Recent Reviews

Sexaholics Anonymous

In 1935 two alcoholics, Bob and Bill, came up with the idea of helping themselves deal with the disease of addiction with a set of 12-steps. At any given time AA has over 2 million active members worldwide; this is an incredible feat for an organization that is built purely around principles which doesn't do any marketing or outreach.

In the 1970's Sexaholics Anonymous (SA) was born to give sex addicts a similar organization where they could come together and help one another achieve (and maintain) sobriety. SA was loosely built on the same 12-steps that Alcoholics Anonymous was built on, and this was made official in 1979 when AA officially authorized SA to use the Twelve Steps and Twelve Traditions.

12-Step programs generally recommend newcomers work with an experienced member in the fellowship. This provides guidance to the newcomer, but it also helps people with a lot of time (generally at least a year of sobriety) remember the blessings they've found in recovery. Finding and choosing the right sponsor can make a big difference in your recovery journey. Most meetings will have a sponsor coordinator, or else they will have everybody who is willing and able to sponsor raise their hand during the meeting to help identify who newcomers can approach about becoming a sponsor.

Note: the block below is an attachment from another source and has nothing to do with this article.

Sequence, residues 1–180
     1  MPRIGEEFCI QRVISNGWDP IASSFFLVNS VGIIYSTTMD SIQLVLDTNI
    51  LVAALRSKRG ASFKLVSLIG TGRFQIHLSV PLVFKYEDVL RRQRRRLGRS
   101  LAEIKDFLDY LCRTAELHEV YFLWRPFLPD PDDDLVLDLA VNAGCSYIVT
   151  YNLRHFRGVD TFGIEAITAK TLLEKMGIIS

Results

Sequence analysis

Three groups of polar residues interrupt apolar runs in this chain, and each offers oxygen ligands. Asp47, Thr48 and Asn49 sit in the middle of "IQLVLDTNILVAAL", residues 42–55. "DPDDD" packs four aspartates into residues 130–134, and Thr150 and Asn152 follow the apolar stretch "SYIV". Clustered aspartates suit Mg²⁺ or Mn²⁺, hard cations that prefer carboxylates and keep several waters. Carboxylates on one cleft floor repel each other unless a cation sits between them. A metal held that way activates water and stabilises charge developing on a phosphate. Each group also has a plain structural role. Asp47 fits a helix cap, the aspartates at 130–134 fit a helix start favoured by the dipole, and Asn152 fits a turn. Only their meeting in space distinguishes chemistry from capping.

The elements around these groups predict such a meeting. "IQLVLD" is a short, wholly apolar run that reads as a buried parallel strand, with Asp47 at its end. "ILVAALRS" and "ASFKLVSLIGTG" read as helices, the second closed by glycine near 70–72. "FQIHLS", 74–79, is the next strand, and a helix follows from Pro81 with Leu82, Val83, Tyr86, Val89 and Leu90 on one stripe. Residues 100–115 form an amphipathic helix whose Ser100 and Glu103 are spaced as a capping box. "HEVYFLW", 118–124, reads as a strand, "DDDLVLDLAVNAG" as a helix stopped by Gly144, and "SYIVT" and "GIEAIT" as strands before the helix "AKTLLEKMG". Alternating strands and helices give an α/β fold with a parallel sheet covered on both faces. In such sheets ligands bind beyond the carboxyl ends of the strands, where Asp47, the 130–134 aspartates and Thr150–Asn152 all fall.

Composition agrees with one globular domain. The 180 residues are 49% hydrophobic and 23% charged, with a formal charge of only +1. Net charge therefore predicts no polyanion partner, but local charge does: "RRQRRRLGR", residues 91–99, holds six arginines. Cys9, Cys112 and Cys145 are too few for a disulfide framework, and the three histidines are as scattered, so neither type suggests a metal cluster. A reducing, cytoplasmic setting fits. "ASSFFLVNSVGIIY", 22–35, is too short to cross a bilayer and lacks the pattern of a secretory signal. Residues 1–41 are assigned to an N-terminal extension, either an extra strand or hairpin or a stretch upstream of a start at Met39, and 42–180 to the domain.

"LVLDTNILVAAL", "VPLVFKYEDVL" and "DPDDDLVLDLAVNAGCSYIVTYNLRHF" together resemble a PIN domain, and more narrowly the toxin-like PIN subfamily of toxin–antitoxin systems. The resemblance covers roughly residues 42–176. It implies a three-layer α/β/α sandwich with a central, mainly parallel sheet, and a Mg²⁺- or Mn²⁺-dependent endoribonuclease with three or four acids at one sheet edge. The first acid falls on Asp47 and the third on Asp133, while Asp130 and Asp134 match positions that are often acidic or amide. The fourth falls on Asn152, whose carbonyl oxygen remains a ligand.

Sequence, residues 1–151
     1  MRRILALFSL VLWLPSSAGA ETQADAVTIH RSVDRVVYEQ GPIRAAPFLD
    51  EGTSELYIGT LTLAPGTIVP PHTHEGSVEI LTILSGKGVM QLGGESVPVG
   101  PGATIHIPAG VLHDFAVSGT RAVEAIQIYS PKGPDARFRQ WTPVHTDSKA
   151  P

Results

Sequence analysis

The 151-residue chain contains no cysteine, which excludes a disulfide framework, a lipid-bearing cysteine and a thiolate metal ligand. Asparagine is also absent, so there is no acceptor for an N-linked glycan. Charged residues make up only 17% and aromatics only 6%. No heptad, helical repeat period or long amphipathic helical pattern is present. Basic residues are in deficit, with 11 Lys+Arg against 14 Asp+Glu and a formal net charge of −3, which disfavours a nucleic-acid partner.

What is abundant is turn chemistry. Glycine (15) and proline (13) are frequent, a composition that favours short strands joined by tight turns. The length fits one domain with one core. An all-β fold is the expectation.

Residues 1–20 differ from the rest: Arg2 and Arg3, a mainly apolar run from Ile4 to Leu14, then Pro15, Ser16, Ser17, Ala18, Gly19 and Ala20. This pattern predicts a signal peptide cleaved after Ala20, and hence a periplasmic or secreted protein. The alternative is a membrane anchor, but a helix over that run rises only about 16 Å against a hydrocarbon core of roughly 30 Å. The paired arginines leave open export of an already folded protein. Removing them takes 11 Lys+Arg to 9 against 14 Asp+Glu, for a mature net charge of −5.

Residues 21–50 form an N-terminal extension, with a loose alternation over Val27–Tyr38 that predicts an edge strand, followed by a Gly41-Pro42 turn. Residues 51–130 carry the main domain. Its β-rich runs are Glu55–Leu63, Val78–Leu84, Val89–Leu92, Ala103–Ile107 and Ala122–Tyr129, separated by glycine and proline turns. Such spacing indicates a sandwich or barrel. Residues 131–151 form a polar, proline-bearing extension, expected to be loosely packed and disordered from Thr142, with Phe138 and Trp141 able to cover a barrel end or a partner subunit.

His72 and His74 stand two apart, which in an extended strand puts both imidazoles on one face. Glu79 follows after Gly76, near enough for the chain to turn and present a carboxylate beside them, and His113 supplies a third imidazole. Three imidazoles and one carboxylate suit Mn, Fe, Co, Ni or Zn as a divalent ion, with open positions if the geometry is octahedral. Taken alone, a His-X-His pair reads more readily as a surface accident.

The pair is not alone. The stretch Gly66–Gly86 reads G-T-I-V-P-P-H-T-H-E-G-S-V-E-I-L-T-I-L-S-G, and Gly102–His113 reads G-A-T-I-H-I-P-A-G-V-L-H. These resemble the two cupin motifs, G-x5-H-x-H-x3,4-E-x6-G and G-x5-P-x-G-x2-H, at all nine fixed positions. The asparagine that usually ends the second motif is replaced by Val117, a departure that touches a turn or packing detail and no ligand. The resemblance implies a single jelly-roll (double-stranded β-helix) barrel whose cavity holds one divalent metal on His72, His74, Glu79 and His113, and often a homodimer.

While sobriety from drugs and alcohol is pretty easy to define, it isn't quite as easy to come up with a universally agreed-upon definition for sexual sobriety. As far as 12-step groups go SA has a rigid definition of sobriety - no sex with self or other people outside of a legally married man and woman. This excludes gay couples, even if they are married. Or couples in a serious committed relationship who haven't been married yet.This caused some divisions in the brotherhood, and in 1991 a similar group, SRA (Sexual Recovery Anonymous) which does recognize same-sex couples in a committed relationship.

The Format
The format for SA meetings is similar to other 12-step meetings. They typically start with readings from the basic literature (read by anonymous members in attendance). Starting in early 2020 with the onset of the Covid-19 pandemic, many of these groups started meeting online (primarily through Zoom), although many chose to continue meeting in-person where still possible. Hybrid groups meet in-person, but can also be joined remotely.